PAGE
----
Today, web applications are often an integral part of any information system.
Whether for productivity (extranet, messaging, …) or business (SaaS CRM, e-commerce platform, cloud invoicing, …),application availability is often critical for users and their business.
It is therefore essential to monitor them, be they SaaS applications or locally hosted.
Choosing the right level
Two levels of monitoring are possible:
- Simple: All the associated hardware / system infrastructure that supported access to the URL.
- Complex: lower level monitoring to include application user scenarios, monitoring of their success and their execution time.
The choice of complex or simple monitoring for each web application, will be influenced by:
- The criticity of the application to the smooth running of your business
- What is the impact of any slowdown? …of a production halt? Is it an internal system or is it a customer site? Is this a test environment?
- The associated ticketing history
- Does this web application generate a lot of support tickets? If so, what is their general nature?
- HS login page -> simple monitoring is enough, with a test of URL.
- delays in file creation or searching -> scenario monitoring required.
- Available resources
- Creating and maintaining test scenarios is time consuming, as its necessary to ensure that they remain compatible with later versions of web applications.
We will begin, as always, by deconstructing the service and assessing its criticality.
- Service: CRM Website
- Hosting: on site
- 1 Windows VM: Web server
- 1 Windows VM: Sql Server Database
- Access URL: https: // someapp / login
- Used by the sales team and helpdesk + extranet part for end customer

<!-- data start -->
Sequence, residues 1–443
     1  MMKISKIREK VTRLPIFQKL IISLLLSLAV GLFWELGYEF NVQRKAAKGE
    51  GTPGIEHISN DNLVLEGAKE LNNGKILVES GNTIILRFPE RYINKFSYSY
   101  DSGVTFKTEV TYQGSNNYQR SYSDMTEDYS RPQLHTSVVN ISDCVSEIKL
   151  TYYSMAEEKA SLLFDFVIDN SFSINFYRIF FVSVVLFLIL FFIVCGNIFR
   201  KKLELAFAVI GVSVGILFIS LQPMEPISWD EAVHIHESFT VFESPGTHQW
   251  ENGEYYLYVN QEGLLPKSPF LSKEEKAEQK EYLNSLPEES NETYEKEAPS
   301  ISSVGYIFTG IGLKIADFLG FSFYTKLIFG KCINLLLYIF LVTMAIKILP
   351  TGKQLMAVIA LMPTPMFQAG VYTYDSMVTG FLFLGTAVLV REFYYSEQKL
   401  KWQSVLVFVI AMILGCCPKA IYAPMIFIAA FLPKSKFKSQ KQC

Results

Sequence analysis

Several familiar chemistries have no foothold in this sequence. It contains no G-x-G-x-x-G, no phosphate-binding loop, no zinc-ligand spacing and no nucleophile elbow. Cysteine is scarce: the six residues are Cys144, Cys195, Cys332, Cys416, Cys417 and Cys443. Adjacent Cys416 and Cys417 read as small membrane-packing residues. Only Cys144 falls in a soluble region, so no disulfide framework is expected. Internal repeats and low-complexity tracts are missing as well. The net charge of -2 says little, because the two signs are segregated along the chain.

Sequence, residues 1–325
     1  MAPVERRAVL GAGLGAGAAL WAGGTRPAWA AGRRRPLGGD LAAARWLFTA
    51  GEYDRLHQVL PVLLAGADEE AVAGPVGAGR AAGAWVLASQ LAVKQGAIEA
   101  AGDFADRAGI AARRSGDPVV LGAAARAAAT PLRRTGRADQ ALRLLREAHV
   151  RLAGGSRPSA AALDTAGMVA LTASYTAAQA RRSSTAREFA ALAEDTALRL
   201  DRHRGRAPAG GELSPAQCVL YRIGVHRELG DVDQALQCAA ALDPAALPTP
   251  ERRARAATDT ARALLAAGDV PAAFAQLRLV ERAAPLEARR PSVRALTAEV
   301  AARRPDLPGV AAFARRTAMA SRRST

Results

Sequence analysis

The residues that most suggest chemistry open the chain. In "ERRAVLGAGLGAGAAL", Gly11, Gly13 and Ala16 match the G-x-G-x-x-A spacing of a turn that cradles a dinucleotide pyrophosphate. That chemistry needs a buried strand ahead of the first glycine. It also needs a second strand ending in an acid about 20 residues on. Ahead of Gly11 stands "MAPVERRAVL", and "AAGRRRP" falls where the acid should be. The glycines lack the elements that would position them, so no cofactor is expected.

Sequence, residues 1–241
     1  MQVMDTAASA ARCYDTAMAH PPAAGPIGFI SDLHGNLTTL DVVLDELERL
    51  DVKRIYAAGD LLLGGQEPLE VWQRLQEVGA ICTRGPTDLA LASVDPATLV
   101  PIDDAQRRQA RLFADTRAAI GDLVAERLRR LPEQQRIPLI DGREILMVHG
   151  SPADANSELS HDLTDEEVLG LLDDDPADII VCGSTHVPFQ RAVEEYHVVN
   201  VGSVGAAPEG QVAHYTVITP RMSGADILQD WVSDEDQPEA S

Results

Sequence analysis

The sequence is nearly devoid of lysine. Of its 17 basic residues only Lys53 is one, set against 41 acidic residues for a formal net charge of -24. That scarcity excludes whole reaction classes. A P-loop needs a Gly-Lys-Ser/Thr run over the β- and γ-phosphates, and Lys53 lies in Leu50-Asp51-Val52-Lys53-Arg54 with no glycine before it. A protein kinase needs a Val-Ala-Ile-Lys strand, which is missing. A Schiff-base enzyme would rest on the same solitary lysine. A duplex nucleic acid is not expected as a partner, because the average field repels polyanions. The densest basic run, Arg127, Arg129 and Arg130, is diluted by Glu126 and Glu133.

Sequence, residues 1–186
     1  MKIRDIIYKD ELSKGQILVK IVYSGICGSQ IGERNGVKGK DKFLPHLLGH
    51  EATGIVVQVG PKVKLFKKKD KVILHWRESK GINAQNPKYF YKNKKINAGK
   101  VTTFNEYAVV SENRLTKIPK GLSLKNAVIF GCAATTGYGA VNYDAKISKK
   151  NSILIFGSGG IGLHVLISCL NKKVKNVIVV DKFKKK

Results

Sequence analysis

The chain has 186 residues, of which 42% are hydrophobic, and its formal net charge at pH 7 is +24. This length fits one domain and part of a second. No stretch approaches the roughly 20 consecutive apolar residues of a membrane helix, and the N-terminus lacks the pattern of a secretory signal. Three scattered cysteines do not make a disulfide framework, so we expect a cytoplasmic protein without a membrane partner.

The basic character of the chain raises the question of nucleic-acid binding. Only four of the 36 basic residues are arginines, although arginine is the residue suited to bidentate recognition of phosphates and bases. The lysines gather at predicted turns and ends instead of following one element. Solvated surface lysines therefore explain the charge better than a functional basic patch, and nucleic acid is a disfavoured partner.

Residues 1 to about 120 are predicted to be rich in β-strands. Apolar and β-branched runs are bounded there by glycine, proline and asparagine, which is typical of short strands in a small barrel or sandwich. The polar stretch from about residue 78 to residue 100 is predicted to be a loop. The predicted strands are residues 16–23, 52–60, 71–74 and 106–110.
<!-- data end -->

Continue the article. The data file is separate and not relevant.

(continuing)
- => Critical
- Types of historical tickets
- Stable and fast tool
- Sometimes the page is inaccessible when the application server disk is full
On this occasion we will choose simple monitoring because the URL test is considered sufficient and reliable.
To be added (manually or by discovery), using role-appropriate host / service templates:
- The application server
- For example, we will use the HTTP_HTTPS service template, which is used to test the accessibility of a URL, and the validity of an associated certificate.
- We will also make sure to monitor the IIS service via the MS-WIN-ServicesList-Started template.
- Particular attention should be paid to the disk capacity, since we know it can generate support calls and application unavailability, by using for example the MS-Win-DiskUsage template, and a warning threshold configured according to previously observed rates of disk filling.
- The database server
- We can monitor the SQL Server database with one of the many templates available in the ServiceNav catalog.
It is also possible to use other templates specific to Windows servers to monitor, for example: CPU, RAM, Disk I/O. For speedy, consistent deployment, these service templates are elements of the host template, ‘System Windows server ‘.
We can additionally choose to implement one or more application scenarios. The subject is further detailed in a dedicated blog post.
…and for a SaaS application?
In the case of a SaaS application, the checks undertaken for a traditional server are not appropriate; the hosts can be configured as ‘Not pingable’, with associated service checks of the different URLs used to access the application.
I any case, the general principles remain the same.
Finally, we will validate via both synthetic and traditional monitoring of our newly added application, through the construction of an IT Weather user service: